Scientists from George Washington University may have stumbled onto quite the discovery. While studying epilepsy, researchers think they may have accidentally found an ‘on/off’ switch for the brain. Literally our very own light switch. I wonder how long until someone makes an app for that. Bed time? Hit your switch.
How was this discovery made? It was a study on epilepsy and researchers had deep-brain electrodes hooked to a patient. The intent was to pinpoint the area of the brain that was causing her seizures. The placement and subsequent frequency led to the discovery.
Scientists had placed an electrode on the claustrum – a thin, sheet-like structure within the brain. This is where it gets interesting. When the area was stimulated at with high frequency impulses, the patient unexpectedly lost consciousness. She lost the ability to respond to visual and auditory stimuli.
Before you think this is a new form of torture, researchers said the effect on the patient was he slowing down and eventually losing consciousness. They conducted trials of stimulating the same area and had the exact result each time. The patient woke up, having no memory of what happened.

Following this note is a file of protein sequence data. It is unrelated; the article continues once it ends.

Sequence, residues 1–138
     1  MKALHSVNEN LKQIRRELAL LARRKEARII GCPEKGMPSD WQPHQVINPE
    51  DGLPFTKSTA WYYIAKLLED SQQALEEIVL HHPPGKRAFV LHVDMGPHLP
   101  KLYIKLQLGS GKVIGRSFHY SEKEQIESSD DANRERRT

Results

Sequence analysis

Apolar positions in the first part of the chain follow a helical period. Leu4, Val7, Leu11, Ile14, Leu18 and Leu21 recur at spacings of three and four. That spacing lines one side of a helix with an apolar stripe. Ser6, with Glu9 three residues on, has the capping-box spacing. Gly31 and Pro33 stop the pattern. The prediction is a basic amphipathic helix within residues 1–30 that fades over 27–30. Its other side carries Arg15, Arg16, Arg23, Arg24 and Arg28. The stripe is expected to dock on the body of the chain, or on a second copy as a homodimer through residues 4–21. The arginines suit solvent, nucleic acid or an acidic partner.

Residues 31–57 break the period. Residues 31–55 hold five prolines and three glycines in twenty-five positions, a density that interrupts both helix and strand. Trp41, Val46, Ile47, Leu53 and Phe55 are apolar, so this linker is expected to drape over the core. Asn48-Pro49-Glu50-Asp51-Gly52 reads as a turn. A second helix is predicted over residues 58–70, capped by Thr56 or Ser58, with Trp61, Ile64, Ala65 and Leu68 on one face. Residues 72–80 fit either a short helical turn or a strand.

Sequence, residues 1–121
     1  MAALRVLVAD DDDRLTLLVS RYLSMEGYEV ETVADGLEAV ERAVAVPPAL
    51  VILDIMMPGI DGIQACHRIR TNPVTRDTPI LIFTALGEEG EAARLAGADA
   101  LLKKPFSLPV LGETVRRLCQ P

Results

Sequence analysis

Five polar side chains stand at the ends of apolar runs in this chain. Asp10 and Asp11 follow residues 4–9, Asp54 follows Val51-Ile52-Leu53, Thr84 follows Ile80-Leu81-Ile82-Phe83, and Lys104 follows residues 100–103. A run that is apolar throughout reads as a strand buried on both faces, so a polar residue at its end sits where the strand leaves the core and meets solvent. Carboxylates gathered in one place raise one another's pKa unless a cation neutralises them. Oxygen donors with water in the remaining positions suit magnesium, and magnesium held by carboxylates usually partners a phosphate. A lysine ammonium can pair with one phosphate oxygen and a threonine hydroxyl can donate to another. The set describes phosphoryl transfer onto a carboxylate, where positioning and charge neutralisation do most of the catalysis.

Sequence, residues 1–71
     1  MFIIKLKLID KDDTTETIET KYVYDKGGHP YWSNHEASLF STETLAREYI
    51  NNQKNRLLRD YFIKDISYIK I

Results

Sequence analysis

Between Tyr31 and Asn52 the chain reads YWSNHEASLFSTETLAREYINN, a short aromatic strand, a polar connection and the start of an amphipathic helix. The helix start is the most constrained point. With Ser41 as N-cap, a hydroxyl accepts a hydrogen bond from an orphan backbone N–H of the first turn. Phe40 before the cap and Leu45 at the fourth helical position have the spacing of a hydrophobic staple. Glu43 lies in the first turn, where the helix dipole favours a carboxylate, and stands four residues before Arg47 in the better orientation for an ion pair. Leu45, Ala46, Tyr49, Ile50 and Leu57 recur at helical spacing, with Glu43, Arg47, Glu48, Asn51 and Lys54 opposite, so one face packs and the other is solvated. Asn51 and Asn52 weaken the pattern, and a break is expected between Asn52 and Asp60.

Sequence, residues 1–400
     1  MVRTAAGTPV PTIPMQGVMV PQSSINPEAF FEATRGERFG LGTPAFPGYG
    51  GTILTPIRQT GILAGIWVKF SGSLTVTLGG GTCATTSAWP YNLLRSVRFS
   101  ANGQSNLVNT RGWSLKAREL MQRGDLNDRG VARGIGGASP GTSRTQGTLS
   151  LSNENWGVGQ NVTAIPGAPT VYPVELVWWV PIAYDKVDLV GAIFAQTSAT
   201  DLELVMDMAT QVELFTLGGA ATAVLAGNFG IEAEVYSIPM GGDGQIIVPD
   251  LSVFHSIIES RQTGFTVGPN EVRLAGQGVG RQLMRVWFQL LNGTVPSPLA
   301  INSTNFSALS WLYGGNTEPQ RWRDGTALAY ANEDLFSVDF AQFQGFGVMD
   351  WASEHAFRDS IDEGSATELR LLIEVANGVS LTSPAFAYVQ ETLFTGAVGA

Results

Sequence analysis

One portion of the study that is going to demand more attention is the patient did not have a ‘normal brain’. The patient that researchers looked at in the epilepsy study had a portion of her hippocampus removed as part of a previous epilepsy treatment. So, even though every electrical impulse to the claustrum had a consistent result, scientists will need to do a study involving complete brains and across a broad subset of the population.
The team will also be looking at whether stimulating the region at low frequencies can push people back to full consciousness.
What are some of the ramifications? Well, painless surgery is on table for one. Better epileptic treatments. It could be that scientists have unlocked the human consciousness. That may be stretching it a bit, but one could hope this ‘accidental’ discovery leads to a wealth of medical knowledge.